Every great man has his disciples, and it is always Judas who writes the biography.
Biography is no longer the bastard of the humanities. (1) The genre suffered greatly under the influence of (post)structural theories which deny the idea of an autonomously acting subject, since exactly this subject is a necessity for any biographical approach. Presently, literary biography is mainly discussed in the fields of Literary Studies, Sociology, Psychology, and History, albeit with varying foci. (2) Still, there is not much research done on the systematic and theoretical framework of biography as a literary genre. (3) Helmut Scheuer's study on biography from the eighteenth century until today has established itself as the standard work in German Language and Literature Studies on this topic, and in 1999, Christian yon Zimmermann organized a conference about fictional biographies where the development of fiction was discussed within the scope of the debate about biography. (4)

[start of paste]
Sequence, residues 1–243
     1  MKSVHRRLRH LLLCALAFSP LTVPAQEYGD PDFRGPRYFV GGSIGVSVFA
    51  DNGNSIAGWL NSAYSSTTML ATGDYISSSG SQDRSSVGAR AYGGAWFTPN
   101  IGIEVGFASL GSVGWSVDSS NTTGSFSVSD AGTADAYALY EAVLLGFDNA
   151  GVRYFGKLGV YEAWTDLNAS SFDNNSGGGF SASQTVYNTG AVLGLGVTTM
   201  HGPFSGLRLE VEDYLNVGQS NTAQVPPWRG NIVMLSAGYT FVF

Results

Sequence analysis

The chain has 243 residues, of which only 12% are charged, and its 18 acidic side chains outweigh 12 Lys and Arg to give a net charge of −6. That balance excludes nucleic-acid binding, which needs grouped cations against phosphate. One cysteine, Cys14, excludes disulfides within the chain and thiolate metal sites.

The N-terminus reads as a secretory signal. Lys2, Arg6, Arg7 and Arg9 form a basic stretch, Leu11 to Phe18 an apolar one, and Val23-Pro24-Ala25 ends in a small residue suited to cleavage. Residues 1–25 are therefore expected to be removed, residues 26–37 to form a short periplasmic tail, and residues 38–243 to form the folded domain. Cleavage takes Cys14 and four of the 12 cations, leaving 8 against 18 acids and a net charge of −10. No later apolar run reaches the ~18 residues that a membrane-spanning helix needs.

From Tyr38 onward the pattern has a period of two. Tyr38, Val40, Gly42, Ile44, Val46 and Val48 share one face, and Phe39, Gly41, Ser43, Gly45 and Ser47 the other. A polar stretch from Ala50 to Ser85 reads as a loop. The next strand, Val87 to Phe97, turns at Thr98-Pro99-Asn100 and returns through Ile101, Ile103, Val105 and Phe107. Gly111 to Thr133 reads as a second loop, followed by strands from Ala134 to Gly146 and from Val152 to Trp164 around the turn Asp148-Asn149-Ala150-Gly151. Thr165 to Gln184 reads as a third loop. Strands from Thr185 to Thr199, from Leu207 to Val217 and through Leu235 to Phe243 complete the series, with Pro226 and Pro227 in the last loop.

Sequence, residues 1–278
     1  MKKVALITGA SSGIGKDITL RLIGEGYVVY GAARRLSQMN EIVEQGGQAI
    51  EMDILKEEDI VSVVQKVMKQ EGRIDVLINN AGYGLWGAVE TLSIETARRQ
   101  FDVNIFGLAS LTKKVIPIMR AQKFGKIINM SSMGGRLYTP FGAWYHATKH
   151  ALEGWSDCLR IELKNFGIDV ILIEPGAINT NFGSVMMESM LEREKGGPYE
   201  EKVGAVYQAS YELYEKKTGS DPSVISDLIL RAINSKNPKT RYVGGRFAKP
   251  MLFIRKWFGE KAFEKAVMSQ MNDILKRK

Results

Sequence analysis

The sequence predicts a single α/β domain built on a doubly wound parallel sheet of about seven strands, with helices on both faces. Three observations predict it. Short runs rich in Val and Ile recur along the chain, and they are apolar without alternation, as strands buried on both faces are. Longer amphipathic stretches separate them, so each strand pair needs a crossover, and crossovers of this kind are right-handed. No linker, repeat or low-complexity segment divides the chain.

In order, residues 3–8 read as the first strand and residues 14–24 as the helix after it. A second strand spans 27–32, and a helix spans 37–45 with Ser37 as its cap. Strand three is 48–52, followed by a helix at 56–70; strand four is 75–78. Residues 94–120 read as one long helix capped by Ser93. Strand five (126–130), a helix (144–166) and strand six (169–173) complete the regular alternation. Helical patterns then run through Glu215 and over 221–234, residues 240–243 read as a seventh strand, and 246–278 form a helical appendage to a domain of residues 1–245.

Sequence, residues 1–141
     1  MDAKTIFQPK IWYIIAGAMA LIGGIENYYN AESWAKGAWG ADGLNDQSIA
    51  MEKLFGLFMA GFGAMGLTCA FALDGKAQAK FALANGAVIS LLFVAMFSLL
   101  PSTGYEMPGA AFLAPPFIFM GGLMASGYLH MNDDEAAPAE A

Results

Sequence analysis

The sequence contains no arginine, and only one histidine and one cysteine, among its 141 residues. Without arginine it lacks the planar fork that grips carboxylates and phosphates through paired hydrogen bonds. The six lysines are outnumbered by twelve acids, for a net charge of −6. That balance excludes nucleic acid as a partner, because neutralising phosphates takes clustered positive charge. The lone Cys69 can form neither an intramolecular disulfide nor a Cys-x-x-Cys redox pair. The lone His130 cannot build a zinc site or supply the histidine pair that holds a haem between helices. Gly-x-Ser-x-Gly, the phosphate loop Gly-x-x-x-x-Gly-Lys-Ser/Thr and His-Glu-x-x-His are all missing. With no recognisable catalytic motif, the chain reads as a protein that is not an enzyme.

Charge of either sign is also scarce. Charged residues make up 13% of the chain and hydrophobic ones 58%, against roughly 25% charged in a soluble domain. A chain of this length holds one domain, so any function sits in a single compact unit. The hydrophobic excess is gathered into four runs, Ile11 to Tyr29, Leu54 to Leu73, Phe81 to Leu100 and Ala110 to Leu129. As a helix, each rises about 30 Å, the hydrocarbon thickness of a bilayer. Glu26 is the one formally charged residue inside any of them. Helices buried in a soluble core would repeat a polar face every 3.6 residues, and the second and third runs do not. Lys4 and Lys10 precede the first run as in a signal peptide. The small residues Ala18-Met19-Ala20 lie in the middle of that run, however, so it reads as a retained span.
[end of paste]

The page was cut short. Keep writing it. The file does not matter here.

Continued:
At the international Women Biography Conference, there was vehement support for the renaissance of a criminally neglected genre, and biography's role in the fields of German, English, French, and Scandinavian literary studies was outlined. Following upon Zimmermann's 1999 conference, the Bern conference had its main focus on women's literature and gender research in connection with biography. Conference organizers Nina Ehrlich (Vienna) and Christian yon Zimmermann (Bern) provided the scientific frame within which the participants spoke about the wide-ranging topic. First, the focus was on those texts which deal with portraits of women, and therefore with specific concepts of womanhood. That is what united all the lectures. In addition, about a third of the lectures also shared a focus on texts written by women and/or written for a female audience.